Orrin Keepnews' commentary (from his new liner notes): “Just a few weeks after Yusef [Lateef] was added, a booking at the Village Vanguard was used to bring about the recording that is reissued here. Considering how long the four original band members had been working together, it is quite amazing how quickly and how well the two newcomers fit in. The only real difference to be noted between this and previous Adderley band albums might be the absence of any newly written material by either of the Adderley brothers. But two of the half-dozen selections are by Lateef and one by Zawinul. The final number, one of Sam Jones’s rare writer credits, was for quite awhile the band’s standard way of closing each set in a club, but the decision here was to give it a rare full-length performance.”
Today, in France, they are at least three pianists to have this talent of jazz musician and composer for great formation: Jean-Pierre Como, Antoine Herve and Herve Sellin. If you liked “L'âme soeur” of the first and “Road Movie” of the second, then, inevitably, you will like this “Marciac New York Express”. The compositions remarkable, are inspired (the four movements are connected with masterliness), and never fall into the repetition. The musicians are given some to heart joy: Stephan Guillaume with the clarinet and sax soprano, Stéphane Chausson and Sylvain Beuf with the sax tenor, Claude Egéa with the trumpet, Gueorgui Kornazov with the trombone, Michael Felberbaum with the guitar, Stéphan Caracci with the vibraphone, and the rhythmic made up one of Bruno Rousselet (double bass) and Karl Jannuska (drums) is at this remarkable point.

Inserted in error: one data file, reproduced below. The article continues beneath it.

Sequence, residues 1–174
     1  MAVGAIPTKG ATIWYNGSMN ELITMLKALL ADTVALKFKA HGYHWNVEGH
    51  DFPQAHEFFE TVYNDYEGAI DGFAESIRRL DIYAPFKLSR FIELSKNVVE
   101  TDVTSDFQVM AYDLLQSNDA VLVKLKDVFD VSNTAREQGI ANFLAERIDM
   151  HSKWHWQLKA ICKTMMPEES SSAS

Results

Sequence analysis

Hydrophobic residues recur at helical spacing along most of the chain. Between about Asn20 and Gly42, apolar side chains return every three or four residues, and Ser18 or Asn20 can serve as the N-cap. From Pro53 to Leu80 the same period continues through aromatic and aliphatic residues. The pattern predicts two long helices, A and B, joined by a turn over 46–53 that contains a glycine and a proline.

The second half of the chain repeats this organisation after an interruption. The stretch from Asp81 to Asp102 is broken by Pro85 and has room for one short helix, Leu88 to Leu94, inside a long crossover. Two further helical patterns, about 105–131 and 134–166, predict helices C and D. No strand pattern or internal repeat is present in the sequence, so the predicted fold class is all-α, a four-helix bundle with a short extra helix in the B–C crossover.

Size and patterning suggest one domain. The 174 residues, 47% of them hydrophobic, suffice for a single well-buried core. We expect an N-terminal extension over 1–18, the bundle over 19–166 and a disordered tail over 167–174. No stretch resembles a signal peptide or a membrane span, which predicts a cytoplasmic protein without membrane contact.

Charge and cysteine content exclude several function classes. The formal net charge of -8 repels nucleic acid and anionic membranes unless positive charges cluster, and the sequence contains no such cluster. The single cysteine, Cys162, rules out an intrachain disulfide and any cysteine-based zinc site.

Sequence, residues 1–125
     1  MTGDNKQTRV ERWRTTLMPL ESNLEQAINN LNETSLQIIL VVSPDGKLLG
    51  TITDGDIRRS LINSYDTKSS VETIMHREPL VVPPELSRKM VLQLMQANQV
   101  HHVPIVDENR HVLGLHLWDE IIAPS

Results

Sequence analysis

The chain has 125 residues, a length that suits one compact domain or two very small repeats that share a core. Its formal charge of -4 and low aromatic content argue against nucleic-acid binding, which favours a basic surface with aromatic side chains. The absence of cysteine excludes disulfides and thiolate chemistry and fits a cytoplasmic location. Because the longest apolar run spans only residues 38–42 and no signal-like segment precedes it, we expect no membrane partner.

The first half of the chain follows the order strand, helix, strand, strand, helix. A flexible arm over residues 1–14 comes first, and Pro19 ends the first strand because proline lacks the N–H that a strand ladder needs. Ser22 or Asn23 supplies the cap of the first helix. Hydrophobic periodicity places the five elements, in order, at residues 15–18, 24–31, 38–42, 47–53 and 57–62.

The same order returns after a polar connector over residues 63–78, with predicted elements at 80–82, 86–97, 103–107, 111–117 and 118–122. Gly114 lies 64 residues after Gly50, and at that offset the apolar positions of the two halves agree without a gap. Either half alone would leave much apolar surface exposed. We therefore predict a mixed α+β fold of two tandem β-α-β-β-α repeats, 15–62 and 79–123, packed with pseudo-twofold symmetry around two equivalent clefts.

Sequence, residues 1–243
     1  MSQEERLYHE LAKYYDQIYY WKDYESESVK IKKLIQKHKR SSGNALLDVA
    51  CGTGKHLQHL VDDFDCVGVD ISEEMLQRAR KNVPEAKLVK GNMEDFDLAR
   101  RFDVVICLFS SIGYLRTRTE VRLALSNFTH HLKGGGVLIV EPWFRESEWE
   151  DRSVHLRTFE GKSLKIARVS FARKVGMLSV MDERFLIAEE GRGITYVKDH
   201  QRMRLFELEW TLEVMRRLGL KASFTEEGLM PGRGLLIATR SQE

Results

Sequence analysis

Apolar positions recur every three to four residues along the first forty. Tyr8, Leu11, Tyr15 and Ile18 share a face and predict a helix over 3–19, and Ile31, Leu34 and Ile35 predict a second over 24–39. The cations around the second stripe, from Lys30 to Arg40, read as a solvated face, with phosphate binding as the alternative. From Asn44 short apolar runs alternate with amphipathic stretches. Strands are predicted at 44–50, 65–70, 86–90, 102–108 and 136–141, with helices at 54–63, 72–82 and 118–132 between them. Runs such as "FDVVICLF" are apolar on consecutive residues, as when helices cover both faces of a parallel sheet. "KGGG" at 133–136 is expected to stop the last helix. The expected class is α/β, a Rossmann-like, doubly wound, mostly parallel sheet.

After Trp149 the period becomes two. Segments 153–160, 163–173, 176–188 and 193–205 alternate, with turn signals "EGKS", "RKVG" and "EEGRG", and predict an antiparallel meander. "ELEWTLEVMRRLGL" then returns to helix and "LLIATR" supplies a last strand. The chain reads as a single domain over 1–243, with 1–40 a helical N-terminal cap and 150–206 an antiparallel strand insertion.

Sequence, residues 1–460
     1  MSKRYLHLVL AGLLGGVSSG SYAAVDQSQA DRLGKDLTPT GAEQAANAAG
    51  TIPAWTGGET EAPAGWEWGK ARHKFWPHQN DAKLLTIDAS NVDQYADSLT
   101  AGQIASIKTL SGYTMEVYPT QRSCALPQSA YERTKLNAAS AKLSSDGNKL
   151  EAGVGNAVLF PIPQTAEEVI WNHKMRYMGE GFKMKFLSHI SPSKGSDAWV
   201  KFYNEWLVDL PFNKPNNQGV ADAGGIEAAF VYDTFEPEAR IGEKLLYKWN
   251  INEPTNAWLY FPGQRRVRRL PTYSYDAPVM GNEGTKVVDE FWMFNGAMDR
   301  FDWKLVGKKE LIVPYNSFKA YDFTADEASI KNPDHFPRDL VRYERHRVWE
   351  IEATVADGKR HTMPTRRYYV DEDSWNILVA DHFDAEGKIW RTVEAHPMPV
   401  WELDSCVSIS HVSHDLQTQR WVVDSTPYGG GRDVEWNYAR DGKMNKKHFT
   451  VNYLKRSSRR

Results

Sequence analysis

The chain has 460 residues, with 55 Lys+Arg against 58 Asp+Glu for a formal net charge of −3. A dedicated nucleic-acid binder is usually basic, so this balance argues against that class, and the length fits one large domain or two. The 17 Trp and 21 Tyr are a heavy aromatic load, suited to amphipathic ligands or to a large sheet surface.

The Kansas City alto saxophonist Charlie Parker, who was to post-second-world-war jazz what Louis Armstrong had been to its first wave, is as likely to be remembered today for his heroin habit and early death than for his exquisite and melodically stunning improvising. If that era's jazz is like journalism, Parker was its acutely observant war reporter, who kept coming back from the front of his own exploding world with new stories to tell.
Enrico Rava (born 20 August 1939 in Trieste, Italy), is a prolific jazz trumpeter and arguably one of the best known Italian jazz musicians. He originally played trombone, changing to the trumpet after hearing Miles Davis. His first commercial work was as a member of Gato Barbieri's Italian quintet in the mid-1960s; in the late 1960s he was a member of Steve Lacy's group. In 1967 Rava moved to New York City, and one month later became a member of the group Gas Mask, a group that had one LP on Tonsil Records in 1970. He has played with artists such as Carla Bley, Jeanne Lee, Paul Motian, Lee Konitz and Roswell Rudd. Chiefly an exponent of bebop jazz, Enrico Rava has also played successfully in avant-garde settings. His style may partly recall Kenny Wheeler's in its spareness and lightness of tone, albeit Rava's is harmonically simpler.